May 20, 2006
Jeremiah\’s prophetic message opens with a declaration of faith in God\’s protective power: \”O Lord, my strength (uzi) and stronghold (umauzi), my refuge (umnusi) in times of trouble (beyom tzara) to You nations shall come from the ends of the world and say: \’Our fathers inherited utter delusions, things that are futile and worthless\’.\” (Verse 19)
Rabbi David Kimche (13th century Provence) seems to capture Jeremiah\’s message. He asserts that the prophet addresses God directly, in the face of those amongst his own people who refuse to acknowledge its truth: \”You, God, are my strength from those who war with me and I flee to you in the time of my troubles. Those whom I reproach for idolatry do not want to repent their wrong ways. I know that there will come a day when even the distant nations will return and come to You [God] from the far corners of the world to this place [the Temple] and announce that their ancestors had inherited lies and vanity. All of this will take place in the days of the Messiah.\”
The following midrash uses this verse in an interesting religious argument between God and David. David represents his oppressed people before God: Before You [God] redeemed our forefathers from Egypt, they did not declare Your strength. They did so only after they were redeemed: \”The Lord is my strength and song.\” (Exodus 15:2) But I, David, am different. Even though you have not redeemed me yet, still, I declare Your strength, as it says: \”You are the God of my strength.\” (Psalm 43:2) Even more so, I declare that You are not only my strength but also my stronghold, as it is written: \”O Lord, my strength and my stronghold.\” (Jeremiah 16:19) So, \”why should I walk in gloom?\” (Psalm 43:2) Redeem me as You redeemed my forefathers from Egyptian oppression. (Adapted from Midrash Tehillim 43:1 – Vatican 76 manuscript)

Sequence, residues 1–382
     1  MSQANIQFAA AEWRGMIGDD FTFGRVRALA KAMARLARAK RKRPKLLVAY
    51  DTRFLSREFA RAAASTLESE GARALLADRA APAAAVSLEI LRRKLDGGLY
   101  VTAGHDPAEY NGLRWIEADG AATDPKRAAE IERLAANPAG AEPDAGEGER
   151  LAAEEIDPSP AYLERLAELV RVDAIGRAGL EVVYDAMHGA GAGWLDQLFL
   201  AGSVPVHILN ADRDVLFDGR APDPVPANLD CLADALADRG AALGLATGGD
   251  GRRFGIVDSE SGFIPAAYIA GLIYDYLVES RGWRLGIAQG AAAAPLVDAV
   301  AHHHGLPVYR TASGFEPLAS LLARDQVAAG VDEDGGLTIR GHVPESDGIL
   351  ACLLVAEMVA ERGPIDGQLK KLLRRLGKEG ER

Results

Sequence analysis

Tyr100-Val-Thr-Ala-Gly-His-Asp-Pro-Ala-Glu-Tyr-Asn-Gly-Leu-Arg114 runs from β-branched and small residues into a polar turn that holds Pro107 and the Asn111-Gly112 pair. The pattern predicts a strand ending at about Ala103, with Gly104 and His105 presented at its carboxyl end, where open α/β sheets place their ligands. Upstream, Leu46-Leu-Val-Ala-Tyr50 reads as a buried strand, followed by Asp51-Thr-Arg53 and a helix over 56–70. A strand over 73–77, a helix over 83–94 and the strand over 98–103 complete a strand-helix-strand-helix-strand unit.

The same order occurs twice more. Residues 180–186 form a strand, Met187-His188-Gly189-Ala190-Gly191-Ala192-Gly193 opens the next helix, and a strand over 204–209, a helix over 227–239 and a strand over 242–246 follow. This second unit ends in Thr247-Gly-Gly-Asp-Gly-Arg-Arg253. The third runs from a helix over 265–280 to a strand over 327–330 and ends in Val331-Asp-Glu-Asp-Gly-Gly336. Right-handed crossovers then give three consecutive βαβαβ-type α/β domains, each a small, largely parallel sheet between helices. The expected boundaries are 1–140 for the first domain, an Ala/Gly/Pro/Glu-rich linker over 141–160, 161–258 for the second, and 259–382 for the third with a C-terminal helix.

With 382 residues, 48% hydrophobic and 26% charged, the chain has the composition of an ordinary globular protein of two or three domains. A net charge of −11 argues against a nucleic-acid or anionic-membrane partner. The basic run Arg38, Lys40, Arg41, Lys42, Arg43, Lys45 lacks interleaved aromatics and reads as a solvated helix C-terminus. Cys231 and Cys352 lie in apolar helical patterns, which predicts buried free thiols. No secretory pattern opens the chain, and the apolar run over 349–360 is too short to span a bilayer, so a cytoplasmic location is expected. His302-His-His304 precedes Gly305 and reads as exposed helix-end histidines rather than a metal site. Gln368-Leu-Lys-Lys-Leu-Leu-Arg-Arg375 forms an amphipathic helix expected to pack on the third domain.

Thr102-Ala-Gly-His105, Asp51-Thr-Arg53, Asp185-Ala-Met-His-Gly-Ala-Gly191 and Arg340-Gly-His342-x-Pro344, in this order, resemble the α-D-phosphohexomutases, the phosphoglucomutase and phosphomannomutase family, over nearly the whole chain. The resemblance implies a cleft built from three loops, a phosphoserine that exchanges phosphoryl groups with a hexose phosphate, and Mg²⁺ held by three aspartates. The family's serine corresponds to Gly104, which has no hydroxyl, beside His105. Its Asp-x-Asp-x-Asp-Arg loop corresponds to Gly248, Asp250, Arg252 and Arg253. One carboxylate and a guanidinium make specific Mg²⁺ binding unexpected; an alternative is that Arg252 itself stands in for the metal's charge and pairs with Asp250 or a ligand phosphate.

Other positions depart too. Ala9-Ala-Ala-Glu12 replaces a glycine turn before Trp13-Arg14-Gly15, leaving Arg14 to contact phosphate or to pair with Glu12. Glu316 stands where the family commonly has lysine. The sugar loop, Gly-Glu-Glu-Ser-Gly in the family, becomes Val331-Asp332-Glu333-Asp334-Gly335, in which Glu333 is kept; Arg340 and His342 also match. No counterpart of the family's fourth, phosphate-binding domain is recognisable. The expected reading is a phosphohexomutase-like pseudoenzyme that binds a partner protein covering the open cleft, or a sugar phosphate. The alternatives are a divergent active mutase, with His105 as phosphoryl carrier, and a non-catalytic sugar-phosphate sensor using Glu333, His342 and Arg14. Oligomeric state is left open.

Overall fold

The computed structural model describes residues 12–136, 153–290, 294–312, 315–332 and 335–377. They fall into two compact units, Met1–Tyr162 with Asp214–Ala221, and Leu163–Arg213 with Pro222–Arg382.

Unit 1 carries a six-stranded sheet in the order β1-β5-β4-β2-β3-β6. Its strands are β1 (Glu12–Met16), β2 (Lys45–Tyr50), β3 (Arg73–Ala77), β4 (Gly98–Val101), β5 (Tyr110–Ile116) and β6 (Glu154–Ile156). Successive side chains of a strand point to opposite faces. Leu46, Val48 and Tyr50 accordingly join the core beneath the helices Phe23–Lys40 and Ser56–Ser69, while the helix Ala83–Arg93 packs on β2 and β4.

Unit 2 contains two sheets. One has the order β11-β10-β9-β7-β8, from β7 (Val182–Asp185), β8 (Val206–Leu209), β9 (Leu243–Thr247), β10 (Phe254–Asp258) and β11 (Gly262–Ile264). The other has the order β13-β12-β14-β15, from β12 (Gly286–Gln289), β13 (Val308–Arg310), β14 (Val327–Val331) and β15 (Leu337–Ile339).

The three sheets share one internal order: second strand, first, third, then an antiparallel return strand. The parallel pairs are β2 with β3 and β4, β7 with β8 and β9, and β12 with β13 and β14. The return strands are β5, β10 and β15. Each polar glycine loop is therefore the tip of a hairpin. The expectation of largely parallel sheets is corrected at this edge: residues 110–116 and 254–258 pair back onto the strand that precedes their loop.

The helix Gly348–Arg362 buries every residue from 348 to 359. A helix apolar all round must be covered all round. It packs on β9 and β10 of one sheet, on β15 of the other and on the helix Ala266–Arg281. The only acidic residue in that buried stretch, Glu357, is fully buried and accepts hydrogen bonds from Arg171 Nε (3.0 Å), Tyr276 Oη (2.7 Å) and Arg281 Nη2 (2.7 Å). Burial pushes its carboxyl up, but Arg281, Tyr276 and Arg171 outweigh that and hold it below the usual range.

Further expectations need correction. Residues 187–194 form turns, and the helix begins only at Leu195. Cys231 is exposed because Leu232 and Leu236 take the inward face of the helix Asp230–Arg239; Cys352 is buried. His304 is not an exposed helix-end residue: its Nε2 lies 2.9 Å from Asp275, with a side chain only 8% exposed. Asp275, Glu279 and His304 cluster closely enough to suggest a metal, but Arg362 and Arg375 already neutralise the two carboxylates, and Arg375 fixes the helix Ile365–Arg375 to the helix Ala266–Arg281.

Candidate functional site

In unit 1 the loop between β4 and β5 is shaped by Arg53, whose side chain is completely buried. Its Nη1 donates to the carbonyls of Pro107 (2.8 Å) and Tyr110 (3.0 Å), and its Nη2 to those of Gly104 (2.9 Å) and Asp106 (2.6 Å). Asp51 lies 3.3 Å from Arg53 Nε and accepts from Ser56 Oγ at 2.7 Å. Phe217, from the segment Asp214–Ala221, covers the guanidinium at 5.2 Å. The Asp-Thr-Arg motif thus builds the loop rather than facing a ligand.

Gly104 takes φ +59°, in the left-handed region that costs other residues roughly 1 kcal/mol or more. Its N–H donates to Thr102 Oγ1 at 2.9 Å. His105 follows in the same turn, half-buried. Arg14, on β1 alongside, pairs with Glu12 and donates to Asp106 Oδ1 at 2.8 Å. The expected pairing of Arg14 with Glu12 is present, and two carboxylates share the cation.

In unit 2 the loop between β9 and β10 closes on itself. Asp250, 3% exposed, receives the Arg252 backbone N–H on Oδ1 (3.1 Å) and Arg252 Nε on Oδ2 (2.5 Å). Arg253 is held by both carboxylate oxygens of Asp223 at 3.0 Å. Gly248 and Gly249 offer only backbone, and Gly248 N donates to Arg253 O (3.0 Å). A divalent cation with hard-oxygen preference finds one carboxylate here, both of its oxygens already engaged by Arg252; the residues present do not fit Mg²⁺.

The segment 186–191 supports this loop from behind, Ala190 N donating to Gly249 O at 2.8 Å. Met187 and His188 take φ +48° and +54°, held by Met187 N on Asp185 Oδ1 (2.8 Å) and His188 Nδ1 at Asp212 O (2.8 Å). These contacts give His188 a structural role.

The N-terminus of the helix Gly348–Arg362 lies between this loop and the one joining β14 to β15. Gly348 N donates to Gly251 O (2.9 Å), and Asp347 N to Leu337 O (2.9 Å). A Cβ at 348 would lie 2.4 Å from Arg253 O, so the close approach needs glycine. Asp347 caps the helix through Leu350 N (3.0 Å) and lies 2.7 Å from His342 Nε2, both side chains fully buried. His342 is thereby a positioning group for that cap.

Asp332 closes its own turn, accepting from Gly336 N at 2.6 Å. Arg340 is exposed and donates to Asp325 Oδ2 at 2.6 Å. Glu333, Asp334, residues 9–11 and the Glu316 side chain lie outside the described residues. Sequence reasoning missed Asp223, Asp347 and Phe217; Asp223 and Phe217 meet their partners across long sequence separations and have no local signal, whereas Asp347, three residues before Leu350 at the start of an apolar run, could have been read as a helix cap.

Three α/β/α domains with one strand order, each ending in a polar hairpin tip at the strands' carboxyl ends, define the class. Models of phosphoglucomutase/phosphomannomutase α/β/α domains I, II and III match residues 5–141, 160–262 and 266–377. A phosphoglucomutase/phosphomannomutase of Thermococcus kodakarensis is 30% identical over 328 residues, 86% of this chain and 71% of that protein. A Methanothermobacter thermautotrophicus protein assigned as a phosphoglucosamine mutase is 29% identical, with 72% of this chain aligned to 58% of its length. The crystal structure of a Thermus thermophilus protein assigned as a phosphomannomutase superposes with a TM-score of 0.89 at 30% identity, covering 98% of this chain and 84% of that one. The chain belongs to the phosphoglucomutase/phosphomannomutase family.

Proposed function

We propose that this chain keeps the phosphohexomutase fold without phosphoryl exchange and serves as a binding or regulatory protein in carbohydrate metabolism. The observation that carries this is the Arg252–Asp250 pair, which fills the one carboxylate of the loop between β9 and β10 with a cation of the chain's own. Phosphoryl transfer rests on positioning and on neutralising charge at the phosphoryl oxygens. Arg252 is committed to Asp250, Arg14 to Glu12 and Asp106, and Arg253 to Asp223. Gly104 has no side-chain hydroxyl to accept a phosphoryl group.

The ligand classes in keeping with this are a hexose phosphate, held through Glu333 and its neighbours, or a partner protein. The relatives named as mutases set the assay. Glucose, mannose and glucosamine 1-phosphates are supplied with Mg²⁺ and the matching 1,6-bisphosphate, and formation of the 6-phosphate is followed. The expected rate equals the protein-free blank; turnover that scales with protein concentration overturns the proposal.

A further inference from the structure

This midrash confronts a serious religious problem. It asks God why those in the generation of the author have not been redeemed even though their faith in God seemed to exceed that of the generation that was redeemed from Egypt. The logic of this argument was meant to convince God of His responsibility to rescue His charges in this situation, as well, since they most certainly merited it.
The Jewish tradition does not shy away from asking God hard questions or making God ponder the logic of His position when we sense some unfairness in it. There is comfort and solace in this ability to challenge God just as He challenges us. This is the way it is in caring relationships. He has expectations of us and never ceases to challenge us to better ourselves. As we see in this midrash, it is also very Jewish to have expectations of Him and make our challenges to Him every bit as serious as when He challenges us.
This study piece is offered as a service of the United Synagogue Conservative Yeshiva. It is prepared by Rabbi Mordechai (Mitchell) Silverstein, senior lecturer in Talmud and Midrash at the Conservative Yeshiva. He is a graduate of the Jewish Theological Seminary of America.
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